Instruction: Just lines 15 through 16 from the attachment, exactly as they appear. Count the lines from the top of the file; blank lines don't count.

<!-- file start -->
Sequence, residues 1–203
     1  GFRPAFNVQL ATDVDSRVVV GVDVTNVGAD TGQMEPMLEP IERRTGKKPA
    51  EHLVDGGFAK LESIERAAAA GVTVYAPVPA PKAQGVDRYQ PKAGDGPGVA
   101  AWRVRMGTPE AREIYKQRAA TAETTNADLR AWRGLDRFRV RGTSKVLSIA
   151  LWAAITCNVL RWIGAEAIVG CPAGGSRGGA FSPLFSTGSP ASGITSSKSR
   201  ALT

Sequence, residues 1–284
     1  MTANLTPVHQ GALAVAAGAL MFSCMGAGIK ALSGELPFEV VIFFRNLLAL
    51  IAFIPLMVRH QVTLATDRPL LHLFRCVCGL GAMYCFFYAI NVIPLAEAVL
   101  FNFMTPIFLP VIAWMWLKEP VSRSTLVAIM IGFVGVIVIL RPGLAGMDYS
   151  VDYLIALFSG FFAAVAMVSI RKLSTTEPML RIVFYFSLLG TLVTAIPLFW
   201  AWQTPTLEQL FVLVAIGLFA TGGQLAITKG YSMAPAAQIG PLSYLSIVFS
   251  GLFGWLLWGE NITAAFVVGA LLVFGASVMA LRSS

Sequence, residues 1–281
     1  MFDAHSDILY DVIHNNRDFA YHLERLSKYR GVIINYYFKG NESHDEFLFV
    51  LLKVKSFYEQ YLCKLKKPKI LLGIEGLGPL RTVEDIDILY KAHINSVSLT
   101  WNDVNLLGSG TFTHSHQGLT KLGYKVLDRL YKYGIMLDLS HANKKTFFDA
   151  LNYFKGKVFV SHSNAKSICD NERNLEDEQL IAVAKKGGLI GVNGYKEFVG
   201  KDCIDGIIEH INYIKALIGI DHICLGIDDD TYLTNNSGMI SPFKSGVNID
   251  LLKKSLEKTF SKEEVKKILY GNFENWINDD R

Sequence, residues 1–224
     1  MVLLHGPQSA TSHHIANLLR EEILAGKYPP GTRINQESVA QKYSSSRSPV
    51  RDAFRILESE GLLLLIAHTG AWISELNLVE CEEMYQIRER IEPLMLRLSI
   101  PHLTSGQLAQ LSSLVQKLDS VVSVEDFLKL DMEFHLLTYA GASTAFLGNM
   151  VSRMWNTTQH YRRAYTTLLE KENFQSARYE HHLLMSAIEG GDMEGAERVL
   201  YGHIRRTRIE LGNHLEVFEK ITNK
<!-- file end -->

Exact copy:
     1  MFDAHSDILY DVIHNNRDFA YHLERLSKYR GVIINYYFKG NESHDEFLFV
    51  LLKVKSFYEQ YLCKLKKPKI LLGIEGLGPL RTVEDIDILY KAHINSVSLT